The federal Truth in Lending Act (TILA) protects consumers in their dealings with lenders by requiring full disclosure of the cost of credit. Full disclosure allows consumers to shop around for the best deal. Under TILA, information about that must be revealed includes the term of the loan, the total amount of the loan, the annual interest rate and the number, amount and due dates of all payments.

In most financed auto sales, the dealer initially acts as the bank because they write a Retail Installment Sale Contract. However, the dealer almost immediately sells the car loan to the actual
bank. Because the dealer was the one to initially offer the credit, the dealer is required to give the TILA disclosures.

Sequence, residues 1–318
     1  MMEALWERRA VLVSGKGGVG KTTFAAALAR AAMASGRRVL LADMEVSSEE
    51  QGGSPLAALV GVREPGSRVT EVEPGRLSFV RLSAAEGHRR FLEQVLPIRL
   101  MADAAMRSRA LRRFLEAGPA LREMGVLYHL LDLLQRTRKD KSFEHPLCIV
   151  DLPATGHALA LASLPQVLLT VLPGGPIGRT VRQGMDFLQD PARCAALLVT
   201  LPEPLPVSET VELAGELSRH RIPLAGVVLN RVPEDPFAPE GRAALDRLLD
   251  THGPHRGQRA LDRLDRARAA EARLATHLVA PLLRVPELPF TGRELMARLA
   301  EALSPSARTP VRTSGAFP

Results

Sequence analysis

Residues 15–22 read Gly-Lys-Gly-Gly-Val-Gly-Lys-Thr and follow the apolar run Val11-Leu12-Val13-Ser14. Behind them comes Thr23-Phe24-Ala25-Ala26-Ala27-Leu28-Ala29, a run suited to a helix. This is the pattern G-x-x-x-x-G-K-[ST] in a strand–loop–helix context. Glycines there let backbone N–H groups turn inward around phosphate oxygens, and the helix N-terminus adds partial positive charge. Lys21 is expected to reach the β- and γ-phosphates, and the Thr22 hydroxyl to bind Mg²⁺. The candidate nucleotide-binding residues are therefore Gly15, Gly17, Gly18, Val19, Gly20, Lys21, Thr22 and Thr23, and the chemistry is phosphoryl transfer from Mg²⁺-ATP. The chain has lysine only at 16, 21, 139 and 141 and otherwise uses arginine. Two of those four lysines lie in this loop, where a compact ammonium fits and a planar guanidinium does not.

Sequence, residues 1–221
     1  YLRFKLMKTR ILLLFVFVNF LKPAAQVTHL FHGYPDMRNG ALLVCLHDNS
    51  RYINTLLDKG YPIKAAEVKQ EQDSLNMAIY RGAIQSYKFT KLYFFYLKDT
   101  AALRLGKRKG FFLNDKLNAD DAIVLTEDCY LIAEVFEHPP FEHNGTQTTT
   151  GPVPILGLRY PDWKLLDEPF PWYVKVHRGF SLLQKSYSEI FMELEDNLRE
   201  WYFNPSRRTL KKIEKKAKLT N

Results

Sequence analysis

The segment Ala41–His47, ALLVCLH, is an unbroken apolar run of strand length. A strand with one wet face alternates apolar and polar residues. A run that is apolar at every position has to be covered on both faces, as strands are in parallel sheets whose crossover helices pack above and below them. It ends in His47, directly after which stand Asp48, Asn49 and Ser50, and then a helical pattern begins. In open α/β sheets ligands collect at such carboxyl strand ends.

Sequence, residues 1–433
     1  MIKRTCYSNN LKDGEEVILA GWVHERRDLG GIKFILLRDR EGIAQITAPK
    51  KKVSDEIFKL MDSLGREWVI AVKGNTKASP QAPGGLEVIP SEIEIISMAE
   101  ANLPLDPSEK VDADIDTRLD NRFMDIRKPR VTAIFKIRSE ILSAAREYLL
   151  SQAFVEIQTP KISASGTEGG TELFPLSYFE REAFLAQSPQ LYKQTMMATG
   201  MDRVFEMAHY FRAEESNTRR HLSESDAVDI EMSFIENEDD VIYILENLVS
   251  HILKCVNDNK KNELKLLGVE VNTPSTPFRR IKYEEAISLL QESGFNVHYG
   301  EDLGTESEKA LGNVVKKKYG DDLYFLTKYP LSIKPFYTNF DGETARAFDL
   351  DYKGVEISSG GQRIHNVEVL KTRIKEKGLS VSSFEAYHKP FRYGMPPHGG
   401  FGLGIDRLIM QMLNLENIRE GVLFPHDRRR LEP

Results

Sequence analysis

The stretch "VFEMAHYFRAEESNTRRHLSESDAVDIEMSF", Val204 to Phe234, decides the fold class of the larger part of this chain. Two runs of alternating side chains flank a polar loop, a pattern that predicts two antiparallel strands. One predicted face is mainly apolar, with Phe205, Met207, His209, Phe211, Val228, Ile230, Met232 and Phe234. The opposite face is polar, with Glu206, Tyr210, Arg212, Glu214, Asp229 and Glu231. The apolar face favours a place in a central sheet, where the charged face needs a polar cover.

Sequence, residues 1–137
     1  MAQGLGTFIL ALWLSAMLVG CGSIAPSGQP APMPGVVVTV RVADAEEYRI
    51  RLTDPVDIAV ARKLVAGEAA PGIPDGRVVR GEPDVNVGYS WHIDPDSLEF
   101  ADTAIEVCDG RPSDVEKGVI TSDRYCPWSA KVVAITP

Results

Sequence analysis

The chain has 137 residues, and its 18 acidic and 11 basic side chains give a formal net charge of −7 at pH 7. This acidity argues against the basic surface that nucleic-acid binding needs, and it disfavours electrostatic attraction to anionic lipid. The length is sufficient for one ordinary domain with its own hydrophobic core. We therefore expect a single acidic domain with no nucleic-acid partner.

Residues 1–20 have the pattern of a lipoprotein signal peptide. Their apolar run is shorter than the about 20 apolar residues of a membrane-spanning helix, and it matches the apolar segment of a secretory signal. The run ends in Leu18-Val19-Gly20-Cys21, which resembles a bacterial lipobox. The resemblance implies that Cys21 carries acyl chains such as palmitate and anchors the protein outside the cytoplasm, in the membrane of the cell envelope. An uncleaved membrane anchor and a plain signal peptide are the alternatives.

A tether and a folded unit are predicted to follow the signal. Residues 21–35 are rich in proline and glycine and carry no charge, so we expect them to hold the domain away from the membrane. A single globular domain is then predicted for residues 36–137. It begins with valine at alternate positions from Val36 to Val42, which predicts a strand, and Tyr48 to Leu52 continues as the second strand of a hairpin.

The most common form of TILA violation found in auto sales is the hidden or disguised finance charge. In this situation, the cost of purchase is greater to a credit buyer than a cash buyer.
However, the difference in the cost is hidden in the sale by things like GAP insurance, extended third party warranties and other add-ons. These hidden costs are not included in the TILA disclosure and thus violate the law. Under TILA, an aggrieved consumer can sue for up to $2,000 is statutory damagers, actual damages and attorneys’ fees.